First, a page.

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Project to understand how local authorities use Family Group Conferences launches

A new project launches to understand how local authorities collect and report on use of Family Group Conferences to help build a picture of access across England.

11/04/24

Project to understand how local authorities use Family Group Conferences launches

A new project to better understand the data that local authorities are collecting on the use of Family Group Conferences (FGCs) has been launched.

This project – undertaken by a partnership of organisations including Foundations, Coram, Family Rights Group and Daybreak – is claimed to be “a significant stride for the future of FGCs”.

FGCs are a decision-making meeting in which a child's wider family network comes together to plan around meeting the needs of the child or children who are at risk of harm or abuse, ensuring the voice of the child is heard where possible. They were introduced to the UK from New Zealand in the 1990s and research has shown that high-quality FGCs can deliver better outcomes for children, including supporting them to remain safely in their family.

The project will identify methods for routinely collecting data on which families are offered and participate in Family Group Conferencing at pre-proceedings stage, and their outcomes. The organisations involved say this will help build a picture of FGC access across England, where little is currently known.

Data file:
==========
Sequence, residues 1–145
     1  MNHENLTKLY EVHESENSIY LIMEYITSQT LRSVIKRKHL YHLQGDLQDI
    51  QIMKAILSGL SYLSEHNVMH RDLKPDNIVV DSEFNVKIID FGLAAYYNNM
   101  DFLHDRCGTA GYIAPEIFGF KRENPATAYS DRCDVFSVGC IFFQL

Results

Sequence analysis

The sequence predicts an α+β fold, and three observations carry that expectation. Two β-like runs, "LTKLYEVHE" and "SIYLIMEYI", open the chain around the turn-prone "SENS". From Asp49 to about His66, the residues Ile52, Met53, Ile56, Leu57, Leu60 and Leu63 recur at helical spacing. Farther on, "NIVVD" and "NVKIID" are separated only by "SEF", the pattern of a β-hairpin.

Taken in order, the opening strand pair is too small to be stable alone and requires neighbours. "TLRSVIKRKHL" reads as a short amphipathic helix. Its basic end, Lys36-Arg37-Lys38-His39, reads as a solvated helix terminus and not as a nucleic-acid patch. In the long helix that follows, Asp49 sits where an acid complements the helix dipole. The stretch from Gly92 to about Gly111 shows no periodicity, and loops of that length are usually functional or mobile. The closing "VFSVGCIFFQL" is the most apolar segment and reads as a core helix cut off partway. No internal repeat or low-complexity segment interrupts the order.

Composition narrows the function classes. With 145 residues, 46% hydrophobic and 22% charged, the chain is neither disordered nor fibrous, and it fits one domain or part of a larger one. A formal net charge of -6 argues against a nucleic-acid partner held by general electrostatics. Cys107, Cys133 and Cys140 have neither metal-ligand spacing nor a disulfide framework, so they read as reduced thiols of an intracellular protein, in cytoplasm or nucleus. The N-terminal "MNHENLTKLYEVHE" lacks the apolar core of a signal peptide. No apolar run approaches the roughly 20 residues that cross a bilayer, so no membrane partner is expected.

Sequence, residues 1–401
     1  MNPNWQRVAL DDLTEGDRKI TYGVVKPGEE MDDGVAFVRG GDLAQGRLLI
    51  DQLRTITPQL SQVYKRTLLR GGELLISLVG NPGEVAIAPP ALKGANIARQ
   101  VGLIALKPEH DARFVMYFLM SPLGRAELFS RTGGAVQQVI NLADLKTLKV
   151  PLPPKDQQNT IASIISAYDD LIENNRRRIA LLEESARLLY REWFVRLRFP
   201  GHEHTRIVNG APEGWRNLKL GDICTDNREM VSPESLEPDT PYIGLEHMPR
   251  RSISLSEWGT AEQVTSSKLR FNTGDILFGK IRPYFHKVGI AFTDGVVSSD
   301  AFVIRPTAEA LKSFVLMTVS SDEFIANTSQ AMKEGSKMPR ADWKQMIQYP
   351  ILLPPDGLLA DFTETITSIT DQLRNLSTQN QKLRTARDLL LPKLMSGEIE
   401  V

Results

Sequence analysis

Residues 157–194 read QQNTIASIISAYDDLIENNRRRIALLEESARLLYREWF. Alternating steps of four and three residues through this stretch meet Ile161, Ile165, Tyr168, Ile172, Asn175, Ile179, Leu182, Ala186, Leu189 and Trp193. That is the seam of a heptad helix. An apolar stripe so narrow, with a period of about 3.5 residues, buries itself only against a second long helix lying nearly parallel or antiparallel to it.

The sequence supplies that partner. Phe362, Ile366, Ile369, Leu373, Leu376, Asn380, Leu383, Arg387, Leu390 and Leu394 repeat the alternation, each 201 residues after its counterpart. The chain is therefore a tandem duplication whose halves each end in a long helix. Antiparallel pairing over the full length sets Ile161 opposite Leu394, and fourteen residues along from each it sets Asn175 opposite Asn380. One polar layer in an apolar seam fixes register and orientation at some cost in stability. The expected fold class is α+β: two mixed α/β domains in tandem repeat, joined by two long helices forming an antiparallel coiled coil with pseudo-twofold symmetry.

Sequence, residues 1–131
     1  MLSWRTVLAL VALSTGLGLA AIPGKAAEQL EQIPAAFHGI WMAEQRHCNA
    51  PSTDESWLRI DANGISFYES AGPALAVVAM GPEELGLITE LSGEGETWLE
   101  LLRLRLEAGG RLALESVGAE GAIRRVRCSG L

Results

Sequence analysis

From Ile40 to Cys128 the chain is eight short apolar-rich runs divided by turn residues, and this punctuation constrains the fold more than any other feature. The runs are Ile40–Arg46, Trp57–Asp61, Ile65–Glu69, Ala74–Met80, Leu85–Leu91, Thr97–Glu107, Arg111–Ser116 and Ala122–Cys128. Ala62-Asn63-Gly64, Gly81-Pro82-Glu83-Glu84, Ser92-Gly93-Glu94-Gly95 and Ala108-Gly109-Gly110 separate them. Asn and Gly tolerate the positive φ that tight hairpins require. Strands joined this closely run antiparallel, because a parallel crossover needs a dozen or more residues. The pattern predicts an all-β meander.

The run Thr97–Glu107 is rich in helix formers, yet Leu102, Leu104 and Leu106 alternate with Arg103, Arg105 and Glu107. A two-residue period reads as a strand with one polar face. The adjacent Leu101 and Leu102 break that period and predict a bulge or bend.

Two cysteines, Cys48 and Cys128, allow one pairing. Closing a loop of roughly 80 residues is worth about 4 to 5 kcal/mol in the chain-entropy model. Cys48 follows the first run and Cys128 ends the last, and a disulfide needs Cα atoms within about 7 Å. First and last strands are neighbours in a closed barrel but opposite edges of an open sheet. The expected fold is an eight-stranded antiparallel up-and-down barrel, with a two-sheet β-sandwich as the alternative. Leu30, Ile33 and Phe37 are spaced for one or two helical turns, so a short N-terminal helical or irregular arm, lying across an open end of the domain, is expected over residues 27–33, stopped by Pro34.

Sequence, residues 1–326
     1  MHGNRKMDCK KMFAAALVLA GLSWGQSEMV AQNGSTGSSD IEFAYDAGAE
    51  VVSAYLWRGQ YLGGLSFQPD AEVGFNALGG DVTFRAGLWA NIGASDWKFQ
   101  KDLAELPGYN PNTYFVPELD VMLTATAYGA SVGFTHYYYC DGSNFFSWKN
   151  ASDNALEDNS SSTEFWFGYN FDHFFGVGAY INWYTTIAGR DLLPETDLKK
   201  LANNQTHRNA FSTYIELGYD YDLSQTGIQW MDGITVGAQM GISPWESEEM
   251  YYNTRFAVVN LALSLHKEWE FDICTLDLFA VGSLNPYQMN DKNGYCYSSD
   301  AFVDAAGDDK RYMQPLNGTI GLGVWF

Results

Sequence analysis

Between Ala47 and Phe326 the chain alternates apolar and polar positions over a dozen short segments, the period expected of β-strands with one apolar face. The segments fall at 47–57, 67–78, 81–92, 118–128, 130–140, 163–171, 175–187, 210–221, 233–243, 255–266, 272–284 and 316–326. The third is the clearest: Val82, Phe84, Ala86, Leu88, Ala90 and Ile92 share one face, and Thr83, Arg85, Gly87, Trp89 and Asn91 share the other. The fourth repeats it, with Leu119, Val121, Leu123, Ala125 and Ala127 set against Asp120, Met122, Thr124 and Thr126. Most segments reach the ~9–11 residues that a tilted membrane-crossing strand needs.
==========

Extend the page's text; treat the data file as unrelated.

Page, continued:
Debbie Burns, CEO at Daybreak, a charity working alongside families in the process, said she sees the positive impact that they can have on children, young people, and the adults who care for them.

“Having a greater understanding of their use and outcomes nationally will better enable organisations and local authorities to ensure more families can be offered timely solution-focused support. “

Foundations previously partnered with Coram and Daybreak to carry out the first Randomised Controlled Trial (RCT) of FGCs in the UK, and the largest RCT of FGCs in the world. The evaluation showed that children whose families were referred for an FGC were less likely to go into care than those who were not. It also found that children of families referred for an FGC were less likely to be subject to care proceedings.

Max Stanford, Head of Impact and Evaluation at Coram, said that building a picture of the data around FGCs is critical to supporting them.

“Having undertaken the randomised controlled trial of Family Group Conferences for families in pre-proceedings with Daybreak, we are very excited to be partnering again with Daybreak, as well as Family Rights Group, and Data to Insight, to understand how local authorities collect and report on Family Group Conferences. This is critical to building the evidence base and helping support local authorities to continue to offer Family Group Conferences.”

As part of the national kinship care strategy, Foundations is working with the government and the sector to encourage all local authorities throughout England to use FGCs when appropriate, noting that FGCs are particularly cost-effective, with a saving of £960 per child referred in the first year.

The project will contribute to improved understandings of what FGC data local authorities currently collect and what monitoring systems they use, which will inform the development of options for routinely collecting this information across England. Recommendations will be co-designed with local authorities and experts, and are due in the middle of this year.

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